I’m moderating an online webinar on the new Slow Food book, Ark of Taste, with authors David S. Shields and Giselle Kennedy Lord. For information and registration click here. It’s at 4:00 p.m. EST.
Weekend reading: Soy Milk
Jia-Chen Fu. The Other Milk: Reinventing Soy in Republican China. University of Washington Press, 2019.
Here’s my blurb for this one:
The Other Milk tells a fascinating story—how nutrition science transformed the place of soybeans in the Chinese diet from humble components of traditional cuisine to instruments of physical and social development, only to be replaced by dairy foods as markers of modernity. This book is a superb example of how cultural history, cuisine, science, and globalization intersect around one food–soybeans.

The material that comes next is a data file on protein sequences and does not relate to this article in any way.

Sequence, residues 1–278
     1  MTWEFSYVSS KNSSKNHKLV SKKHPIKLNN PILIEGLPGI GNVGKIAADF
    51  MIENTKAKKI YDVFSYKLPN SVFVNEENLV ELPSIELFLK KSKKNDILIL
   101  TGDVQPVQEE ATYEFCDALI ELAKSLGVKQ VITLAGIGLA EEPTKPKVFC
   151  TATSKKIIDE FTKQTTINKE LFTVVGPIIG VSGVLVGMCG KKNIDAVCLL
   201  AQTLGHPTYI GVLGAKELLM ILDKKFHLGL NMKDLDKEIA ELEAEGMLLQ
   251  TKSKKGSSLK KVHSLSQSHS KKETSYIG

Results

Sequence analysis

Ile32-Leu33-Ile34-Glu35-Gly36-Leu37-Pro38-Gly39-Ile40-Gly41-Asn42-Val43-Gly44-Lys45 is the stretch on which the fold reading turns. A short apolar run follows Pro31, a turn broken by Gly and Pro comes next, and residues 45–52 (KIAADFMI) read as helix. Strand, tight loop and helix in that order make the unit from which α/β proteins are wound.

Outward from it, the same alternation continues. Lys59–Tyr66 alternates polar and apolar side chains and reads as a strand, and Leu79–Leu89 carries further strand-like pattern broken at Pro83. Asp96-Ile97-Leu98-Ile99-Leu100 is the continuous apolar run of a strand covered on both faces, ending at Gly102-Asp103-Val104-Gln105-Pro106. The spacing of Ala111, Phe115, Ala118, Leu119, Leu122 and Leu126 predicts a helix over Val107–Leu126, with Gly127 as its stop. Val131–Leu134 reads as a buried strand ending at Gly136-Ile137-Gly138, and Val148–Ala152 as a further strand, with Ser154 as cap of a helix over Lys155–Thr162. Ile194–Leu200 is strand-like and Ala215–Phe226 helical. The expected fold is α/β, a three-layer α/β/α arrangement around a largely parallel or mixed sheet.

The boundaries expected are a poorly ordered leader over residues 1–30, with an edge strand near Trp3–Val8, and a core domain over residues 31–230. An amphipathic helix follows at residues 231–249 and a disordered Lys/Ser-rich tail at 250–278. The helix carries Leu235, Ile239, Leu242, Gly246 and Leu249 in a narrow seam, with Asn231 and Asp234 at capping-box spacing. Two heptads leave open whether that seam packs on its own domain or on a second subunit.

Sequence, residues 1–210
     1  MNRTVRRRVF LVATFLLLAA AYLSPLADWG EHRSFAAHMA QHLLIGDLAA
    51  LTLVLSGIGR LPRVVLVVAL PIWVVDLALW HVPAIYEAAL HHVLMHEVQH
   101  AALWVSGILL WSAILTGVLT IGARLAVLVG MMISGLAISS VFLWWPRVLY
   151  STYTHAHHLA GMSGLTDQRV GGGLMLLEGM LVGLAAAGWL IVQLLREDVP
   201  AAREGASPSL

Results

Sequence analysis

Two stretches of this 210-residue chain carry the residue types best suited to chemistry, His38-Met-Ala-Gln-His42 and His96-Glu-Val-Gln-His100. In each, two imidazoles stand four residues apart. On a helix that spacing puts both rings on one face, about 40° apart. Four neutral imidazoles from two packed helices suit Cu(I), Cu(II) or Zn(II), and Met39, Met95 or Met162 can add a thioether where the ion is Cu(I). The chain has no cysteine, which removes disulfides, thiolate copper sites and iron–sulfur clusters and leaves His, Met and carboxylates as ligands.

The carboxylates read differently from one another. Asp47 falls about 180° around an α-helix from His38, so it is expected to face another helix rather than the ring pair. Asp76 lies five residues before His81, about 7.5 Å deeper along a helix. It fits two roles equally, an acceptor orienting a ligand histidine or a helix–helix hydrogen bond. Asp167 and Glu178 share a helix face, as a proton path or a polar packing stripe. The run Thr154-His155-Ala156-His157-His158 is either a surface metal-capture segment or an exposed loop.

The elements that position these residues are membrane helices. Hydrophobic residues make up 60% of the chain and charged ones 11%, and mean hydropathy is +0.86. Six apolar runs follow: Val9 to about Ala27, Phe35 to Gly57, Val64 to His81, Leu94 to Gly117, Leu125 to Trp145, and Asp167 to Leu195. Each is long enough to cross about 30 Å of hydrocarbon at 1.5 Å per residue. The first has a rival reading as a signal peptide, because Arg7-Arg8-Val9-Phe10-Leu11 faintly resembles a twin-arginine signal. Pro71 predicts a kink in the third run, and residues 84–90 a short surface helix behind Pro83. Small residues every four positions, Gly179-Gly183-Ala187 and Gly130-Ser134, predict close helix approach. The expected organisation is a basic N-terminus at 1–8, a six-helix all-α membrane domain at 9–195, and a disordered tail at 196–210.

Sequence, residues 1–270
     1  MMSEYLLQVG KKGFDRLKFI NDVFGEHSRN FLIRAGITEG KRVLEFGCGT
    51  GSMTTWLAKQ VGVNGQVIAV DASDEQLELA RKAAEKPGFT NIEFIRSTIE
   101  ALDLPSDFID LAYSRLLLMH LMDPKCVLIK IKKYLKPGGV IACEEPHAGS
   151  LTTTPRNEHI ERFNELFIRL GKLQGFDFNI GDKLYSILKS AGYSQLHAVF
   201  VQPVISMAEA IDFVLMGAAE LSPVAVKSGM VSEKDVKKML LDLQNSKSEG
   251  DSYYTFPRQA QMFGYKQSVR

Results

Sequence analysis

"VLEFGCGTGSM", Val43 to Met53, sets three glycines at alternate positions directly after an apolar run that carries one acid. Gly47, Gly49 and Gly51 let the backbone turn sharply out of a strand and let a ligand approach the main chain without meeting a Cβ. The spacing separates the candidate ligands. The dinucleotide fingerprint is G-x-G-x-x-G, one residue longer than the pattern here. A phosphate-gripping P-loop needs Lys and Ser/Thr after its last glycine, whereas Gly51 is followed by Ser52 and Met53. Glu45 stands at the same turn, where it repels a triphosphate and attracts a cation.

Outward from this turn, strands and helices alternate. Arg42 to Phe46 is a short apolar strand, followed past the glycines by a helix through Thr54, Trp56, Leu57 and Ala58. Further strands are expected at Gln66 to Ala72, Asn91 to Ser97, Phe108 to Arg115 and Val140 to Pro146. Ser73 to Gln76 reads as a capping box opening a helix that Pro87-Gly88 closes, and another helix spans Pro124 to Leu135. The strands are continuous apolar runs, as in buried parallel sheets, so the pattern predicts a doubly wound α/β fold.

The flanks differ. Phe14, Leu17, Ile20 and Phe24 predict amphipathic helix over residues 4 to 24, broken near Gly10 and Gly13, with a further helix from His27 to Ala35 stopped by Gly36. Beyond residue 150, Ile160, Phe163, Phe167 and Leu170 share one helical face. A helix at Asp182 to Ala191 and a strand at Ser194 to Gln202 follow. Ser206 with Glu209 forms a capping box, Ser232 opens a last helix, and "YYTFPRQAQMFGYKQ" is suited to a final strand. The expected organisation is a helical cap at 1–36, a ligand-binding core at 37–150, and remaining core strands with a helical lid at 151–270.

Here is a small taste: Fu, an assistant professor of Chinese at Emory University, explains that the use of soybeans in Chinese cuisine dates back to 500 B.C. or so, but she begins her analysis in the early 1900s with an account of Li Shizeng’s promotion of soy milk—in Paris, of all places.
Li’s soybean experiment in Paris proved short-lived, but his insistence that soybeans offered a key to a modern, industrial China did not fail to impress his compatriots. Popular accounts celebrated the soybean’s many industrial and gastronomic uses and as late as 1920, highlighted Li’s foresight and ingenuity in promoting an indigenous product, doujiang (soybean milk), as both more nutritious and sanitary than cow’s milk, on the world stage.
If the soybean could signify modern, industrial development, could it also challenge perceptions of Chinese physical and nutritional precarity, of China as “the sick man of Asia”? When coupled with a newly emergent discursive concept of the Chinese diet as a thing scientists and social scientists could measure and adjust, the aspiration grew for soybeans to change not just Chinese history but Chinese bodies.